David Cameron has promised that online health records will underpin a new direction for the NHS if the Conservative Party is elected in this year’s general election.

In a speech at Westminster today, the Tory leader unveiled the first chapter of the Conservative Party’s draft manifesto, which focuses on the health service.

Cameron said: “It’s the patient who’ll have the power in our NHS. You’ll be able to check your health records online in the same way you do your bank account.

“We will put patients in charge of their own health records, with the ability to choose which providers they share them with.”

The pledge follows speculation last year that the Conservatives might scrap aspects of the National Programme for IT in the NHS and introduce commercial health record platforms instead.

The manifesto gives no information on whether companies such as Microsoft and Google would be involved in devliering on the pledge if the party comes to power.

It does say the Tories would “unleash an information revolution in the NHS by making detailed data about the performance of trusts, hospitals, GPs, doctors and other staff available to the public online so everyone will know who is providing a good service and who is falling behind.”

Cameron added: “You’ll have information about how good different doctors are, how good different hospitals are, information about the things that really matter, like cancer survival rates, the rate of hospital infections, your chance of going home to live independently if you have a stroke.”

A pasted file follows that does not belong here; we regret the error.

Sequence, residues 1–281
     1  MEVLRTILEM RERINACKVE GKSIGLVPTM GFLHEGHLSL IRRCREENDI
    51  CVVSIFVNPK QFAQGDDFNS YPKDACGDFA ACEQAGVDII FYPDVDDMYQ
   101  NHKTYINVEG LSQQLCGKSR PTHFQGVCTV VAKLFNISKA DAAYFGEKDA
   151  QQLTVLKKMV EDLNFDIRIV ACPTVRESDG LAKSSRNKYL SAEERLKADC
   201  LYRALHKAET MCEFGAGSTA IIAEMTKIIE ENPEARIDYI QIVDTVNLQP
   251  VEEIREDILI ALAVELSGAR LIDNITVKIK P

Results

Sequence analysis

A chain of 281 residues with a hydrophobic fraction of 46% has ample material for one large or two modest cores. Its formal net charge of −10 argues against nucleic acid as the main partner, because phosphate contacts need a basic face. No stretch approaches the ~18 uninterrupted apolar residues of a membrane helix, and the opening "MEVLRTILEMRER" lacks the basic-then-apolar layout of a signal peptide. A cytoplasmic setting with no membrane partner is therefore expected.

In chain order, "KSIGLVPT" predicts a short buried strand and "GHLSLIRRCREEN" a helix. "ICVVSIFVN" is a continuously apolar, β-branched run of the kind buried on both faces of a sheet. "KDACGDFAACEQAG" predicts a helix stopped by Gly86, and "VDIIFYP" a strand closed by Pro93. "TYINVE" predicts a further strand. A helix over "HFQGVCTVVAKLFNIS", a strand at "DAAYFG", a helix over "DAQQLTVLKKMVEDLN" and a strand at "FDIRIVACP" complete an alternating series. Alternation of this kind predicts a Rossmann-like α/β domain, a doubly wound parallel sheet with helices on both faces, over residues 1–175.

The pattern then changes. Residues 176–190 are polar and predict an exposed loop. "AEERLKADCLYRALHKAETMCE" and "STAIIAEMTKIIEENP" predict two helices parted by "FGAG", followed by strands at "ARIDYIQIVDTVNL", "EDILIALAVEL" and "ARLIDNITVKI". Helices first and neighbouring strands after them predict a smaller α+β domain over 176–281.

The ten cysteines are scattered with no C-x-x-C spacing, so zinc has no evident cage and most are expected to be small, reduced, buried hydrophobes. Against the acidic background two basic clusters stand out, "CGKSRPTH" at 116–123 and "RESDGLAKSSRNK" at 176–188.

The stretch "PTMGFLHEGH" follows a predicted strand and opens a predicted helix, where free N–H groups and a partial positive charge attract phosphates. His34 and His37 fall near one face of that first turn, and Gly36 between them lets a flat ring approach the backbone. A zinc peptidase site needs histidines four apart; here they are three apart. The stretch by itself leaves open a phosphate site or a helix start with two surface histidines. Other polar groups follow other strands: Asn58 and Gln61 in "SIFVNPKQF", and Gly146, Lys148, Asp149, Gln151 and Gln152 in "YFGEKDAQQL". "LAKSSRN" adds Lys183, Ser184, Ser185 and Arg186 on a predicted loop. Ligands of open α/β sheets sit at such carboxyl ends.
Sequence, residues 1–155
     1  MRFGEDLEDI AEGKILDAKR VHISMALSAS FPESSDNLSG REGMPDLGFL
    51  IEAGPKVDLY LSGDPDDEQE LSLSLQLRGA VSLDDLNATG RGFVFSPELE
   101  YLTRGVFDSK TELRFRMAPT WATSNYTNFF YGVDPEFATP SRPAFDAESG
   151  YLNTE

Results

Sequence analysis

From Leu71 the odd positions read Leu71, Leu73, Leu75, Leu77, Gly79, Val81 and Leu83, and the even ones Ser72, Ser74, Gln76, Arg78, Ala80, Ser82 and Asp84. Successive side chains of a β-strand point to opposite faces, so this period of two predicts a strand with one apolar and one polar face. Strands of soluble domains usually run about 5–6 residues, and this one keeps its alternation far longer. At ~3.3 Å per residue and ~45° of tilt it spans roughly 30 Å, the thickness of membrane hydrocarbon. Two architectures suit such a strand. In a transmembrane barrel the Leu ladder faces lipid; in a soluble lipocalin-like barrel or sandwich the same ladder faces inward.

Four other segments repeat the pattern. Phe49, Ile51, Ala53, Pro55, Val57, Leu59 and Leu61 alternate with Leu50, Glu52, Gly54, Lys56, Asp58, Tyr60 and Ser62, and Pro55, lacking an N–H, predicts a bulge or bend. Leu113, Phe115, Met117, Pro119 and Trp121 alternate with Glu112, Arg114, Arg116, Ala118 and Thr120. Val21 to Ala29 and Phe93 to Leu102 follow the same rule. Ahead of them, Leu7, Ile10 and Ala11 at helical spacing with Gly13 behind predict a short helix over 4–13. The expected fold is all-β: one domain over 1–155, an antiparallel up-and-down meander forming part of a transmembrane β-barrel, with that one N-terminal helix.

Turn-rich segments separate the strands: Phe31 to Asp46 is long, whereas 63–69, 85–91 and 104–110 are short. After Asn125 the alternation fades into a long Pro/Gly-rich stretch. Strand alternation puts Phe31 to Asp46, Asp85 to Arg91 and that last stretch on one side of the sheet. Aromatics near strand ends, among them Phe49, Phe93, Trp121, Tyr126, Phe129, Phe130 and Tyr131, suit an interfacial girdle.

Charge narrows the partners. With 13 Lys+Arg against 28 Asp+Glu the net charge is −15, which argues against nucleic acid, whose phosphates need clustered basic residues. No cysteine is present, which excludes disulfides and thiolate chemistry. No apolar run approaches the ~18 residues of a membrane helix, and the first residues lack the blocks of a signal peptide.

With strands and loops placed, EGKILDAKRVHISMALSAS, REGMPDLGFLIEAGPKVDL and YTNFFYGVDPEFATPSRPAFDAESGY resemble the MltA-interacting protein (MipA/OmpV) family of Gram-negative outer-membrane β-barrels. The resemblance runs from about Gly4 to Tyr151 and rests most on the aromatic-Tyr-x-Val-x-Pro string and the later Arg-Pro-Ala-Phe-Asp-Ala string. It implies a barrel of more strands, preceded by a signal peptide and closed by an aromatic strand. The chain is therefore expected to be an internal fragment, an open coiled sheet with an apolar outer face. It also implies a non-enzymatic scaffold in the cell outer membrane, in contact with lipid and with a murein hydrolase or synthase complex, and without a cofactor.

The speech coincided with the launch of a public poster campaign promising that the Conservatives will not cut NHS funding. 1,000 posters will be put up featuring a picture of Cameron alongside the words “We can’t go on like this. I’ll cut the deficit, not the NHS.”

The manifesto includes sections that suggest the Conservatives are anxious about being seen as a party of the rich.

It pledges to introduce a ‘health premium’ that will divert money to the most deprived areas of the country, and which councils and public health officials will be able to use to tackle health inequalities.

It says the Conservatives would introduce maternity networks to improve services. Yet other sections of the manifesto echo the introduction of the ‘internal market’ to the NHS.

It says the party would give GPs the power to hold patients’ budgets and commission care on their behalf and create an independent NHS board to allocate resources to different parts of the country.

Cameron said: “We’re going to introduce a health premium that targets resources on the poorest areas so we banish health inequalities to history. With our plans, the poorer the area, the worse the health outcomes tend to be, so the more money they can get.”

The manifesto sees the start an election campaign, which could last as long as five months.

Link: Conservative’s Draft Manifesto 2010: Chapter One: Our reform plan for the NHS